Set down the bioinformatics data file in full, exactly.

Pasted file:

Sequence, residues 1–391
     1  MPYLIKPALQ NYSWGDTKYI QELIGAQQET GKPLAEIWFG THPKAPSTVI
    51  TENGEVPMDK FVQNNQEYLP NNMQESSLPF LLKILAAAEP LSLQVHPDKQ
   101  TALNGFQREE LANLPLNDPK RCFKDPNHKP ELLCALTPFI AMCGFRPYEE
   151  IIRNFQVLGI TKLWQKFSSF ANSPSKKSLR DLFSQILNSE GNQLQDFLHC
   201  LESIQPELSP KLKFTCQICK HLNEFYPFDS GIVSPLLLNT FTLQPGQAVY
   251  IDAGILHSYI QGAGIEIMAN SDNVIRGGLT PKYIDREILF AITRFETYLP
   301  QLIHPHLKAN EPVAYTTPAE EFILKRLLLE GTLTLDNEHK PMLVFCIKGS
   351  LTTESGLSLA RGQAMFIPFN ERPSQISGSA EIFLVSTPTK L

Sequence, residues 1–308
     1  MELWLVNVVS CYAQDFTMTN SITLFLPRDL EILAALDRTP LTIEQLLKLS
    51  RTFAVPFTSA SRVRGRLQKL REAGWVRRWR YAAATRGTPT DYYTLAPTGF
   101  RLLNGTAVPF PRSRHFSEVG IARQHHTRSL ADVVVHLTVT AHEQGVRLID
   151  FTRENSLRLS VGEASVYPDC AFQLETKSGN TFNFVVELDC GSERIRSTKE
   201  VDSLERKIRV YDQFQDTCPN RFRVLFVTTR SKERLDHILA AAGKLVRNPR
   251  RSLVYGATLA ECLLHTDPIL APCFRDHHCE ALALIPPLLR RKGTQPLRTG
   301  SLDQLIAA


Sequence, residues 1–391
     1  MPYLIKPALQ NYSWGDTKYI QELIGAQQET GKPLAEIWFG THPKAPSTVI
    51  TENGEVPMDK FVQNNQEYLP NNMQESSLPF LLKILAAAEP LSLQVHPDKQ
   101  TALNGFQREE LANLPLNDPK RCFKDPNHKP ELLCALTPFI AMCGFRPYEE
   151  IIRNFQVLGI TKLWQKFSSF ANSPSKKSLR DLFSQILNSE GNQLQDFLHC
   201  LESIQPELSP KLKFTCQICK HLNEFYPFDS GIVSPLLLNT FTLQPGQAVY
   251  IDAGILHSYI QGAGIEIMAN SDNVIRGGLT PKYIDREILF AITRFETYLP
   301  QLIHPHLKAN EPVAYTTPAE EFILKRLLLE GTLTLDNEHK PMLVFCIKGS
   351  LTTESGLSLA RGQAMFIPFN ERPSQISGSA EIFLVSTPTK L

Sequence, residues 1–308
     1  MELWLVNVVS CYAQDFTMTN SITLFLPRDL EILAALDRTP LTIEQLLKLS
    51  RTFAVPFTSA SRVRGRLQKL REAGWVRRWR YAAATRGTPT DYYTLAPTGF
   101  RLLNGTAVPF PRSRHFSEVG IARQHHTRSL ADVVVHLTVT AHEQGVRLID
   151  FTRENSLRLS VGEASVYPDC AFQLETKSGN TFNFVVELDC GSERIRSTKE
   201  VDSLERKIRV YDQFQDTCPN RFRVLFVTTR SKERLDHILA AAGKLVRNPR
   251  RSLVYGATLA ECLLHTDPIL APCFRDHHCE ALALIPPLLR RKGTQPLRTG
   301  SLDQLIAA